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Effects of baking-soda-containing dentifrices on oral malodor.

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Department of Oral Biology, Faculty of Dentistry, University of British Columbia, Vancouver, British Columbia, Canada.


Oral malodor, also known as bad breath or halitosis, is an extremely common problem. Bad breath can arise from many sources in the body, but most frequently is produced in the mouth by the action of gram-negative anaerobic bacteria on sulfur-containing proteinaceous substrates in the saliva, such as debris and plaque. The primary molecules responsible for oral malodor are volatile sulfur compounds (VSC), such as hydrogen sulfide and methylmercaptan. Increased malodor production is related to greater bacterial numbers, reducing conditions, availability of protein substrates, and a pH above neutral. Bad breath is more common in the elderly, as well as those with unhygienic mouths, gingivitis, and periodontitis, but bad breath can also be found in some individuals who are periodontally healthy. The major source of oral malodor is the tongue. Approaches to controlling malodor have included masking, oral hygiene, antibacterial agents, conversion of VSC to nonodorous forms, oxidizing agents, and traditional approaches, including the use of baking soda. Results of controlled double-blind crossover studies, using both organoleptic (sensory) and gas chromatographic analysis of mouth air VSC, indicate that two dentifrices with high baking-soda concentrations, Arm & Hammer Dental Care and Arm & Hammer PeroxiCare, reduce oral malodor.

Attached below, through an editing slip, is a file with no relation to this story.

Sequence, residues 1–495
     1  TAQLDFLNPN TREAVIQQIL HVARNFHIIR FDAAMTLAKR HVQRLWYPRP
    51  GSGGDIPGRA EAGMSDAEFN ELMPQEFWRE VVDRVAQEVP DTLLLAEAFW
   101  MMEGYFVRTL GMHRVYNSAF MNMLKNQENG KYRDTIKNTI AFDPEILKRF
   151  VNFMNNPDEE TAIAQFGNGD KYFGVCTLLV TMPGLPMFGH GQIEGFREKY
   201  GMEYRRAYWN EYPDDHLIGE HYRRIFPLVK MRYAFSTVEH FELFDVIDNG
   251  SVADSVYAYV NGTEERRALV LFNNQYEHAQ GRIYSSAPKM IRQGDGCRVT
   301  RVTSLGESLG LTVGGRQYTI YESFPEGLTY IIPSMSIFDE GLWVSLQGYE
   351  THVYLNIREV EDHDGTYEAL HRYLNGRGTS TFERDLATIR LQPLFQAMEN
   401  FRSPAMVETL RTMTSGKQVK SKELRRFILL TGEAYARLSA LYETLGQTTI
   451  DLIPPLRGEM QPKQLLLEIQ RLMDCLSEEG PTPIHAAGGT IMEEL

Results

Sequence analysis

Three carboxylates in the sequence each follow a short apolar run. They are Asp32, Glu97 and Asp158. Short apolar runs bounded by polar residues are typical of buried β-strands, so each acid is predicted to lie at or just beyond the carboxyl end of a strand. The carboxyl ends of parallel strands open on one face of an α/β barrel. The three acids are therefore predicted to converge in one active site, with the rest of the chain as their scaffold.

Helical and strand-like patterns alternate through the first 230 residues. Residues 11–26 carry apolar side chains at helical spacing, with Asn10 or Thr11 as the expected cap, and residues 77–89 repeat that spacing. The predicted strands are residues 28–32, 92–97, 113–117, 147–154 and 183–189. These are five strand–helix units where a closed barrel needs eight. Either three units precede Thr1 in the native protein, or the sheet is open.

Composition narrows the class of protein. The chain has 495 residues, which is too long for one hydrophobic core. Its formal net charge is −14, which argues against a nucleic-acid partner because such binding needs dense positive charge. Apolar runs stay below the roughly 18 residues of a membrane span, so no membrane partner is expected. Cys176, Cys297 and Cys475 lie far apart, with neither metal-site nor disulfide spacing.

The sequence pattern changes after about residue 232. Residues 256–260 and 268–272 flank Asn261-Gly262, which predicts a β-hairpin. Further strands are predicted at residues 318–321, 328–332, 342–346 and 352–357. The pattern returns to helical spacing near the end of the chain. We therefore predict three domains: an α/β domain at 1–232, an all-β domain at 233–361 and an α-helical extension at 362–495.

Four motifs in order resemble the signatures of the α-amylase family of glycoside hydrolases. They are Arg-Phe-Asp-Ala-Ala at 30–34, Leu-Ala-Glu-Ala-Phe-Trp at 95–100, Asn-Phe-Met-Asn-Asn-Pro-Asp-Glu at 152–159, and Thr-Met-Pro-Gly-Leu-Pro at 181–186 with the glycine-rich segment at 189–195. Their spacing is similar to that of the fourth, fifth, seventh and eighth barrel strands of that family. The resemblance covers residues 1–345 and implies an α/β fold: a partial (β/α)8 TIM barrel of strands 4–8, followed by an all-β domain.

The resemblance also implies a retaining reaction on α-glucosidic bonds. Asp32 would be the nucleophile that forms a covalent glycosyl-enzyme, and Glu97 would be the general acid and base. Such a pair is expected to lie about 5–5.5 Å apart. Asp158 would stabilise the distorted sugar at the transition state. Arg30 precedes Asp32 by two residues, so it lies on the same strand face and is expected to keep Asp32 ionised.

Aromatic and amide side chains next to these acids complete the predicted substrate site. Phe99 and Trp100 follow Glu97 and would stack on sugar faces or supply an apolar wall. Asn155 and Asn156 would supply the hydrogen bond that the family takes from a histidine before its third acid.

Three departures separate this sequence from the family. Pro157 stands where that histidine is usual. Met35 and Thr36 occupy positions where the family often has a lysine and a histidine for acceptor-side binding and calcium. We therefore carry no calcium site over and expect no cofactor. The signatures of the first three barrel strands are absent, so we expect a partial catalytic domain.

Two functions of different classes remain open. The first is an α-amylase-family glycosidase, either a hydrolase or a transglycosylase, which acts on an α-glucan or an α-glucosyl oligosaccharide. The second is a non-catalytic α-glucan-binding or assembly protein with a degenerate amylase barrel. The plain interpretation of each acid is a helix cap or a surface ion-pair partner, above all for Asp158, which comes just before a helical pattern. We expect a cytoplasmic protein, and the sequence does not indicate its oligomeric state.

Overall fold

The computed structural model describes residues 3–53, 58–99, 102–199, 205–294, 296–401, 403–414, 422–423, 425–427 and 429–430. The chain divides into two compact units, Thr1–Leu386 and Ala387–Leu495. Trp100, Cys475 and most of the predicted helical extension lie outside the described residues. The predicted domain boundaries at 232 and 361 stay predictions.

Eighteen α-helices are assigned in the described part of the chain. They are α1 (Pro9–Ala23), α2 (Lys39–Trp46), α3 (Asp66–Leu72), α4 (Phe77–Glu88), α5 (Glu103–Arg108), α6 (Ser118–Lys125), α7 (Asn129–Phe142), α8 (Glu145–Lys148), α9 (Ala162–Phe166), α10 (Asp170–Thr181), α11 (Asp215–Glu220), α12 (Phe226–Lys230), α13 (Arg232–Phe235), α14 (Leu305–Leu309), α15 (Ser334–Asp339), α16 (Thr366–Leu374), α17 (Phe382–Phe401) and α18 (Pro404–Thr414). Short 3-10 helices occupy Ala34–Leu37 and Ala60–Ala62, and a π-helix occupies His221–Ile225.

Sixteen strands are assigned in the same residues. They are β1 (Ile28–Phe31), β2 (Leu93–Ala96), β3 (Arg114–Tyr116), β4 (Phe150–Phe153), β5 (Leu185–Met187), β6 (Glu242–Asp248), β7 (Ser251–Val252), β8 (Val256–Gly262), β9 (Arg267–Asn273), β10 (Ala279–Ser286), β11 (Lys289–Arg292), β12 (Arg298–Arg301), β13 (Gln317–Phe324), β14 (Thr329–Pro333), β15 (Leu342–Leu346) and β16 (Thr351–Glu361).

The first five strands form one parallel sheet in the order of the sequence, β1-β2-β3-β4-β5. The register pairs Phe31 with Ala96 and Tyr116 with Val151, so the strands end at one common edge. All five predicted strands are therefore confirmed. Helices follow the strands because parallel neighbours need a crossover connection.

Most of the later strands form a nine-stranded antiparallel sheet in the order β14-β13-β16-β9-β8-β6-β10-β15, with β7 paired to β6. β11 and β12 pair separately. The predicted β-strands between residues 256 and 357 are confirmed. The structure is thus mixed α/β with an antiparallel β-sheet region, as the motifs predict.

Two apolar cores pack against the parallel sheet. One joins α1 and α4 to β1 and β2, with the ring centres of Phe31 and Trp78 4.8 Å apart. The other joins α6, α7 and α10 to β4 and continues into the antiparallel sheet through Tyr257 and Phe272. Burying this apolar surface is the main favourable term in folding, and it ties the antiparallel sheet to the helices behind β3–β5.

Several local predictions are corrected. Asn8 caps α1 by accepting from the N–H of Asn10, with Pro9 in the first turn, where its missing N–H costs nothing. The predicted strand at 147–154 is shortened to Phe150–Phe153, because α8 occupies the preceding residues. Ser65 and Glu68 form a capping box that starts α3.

[Indexed for MEDLINE]

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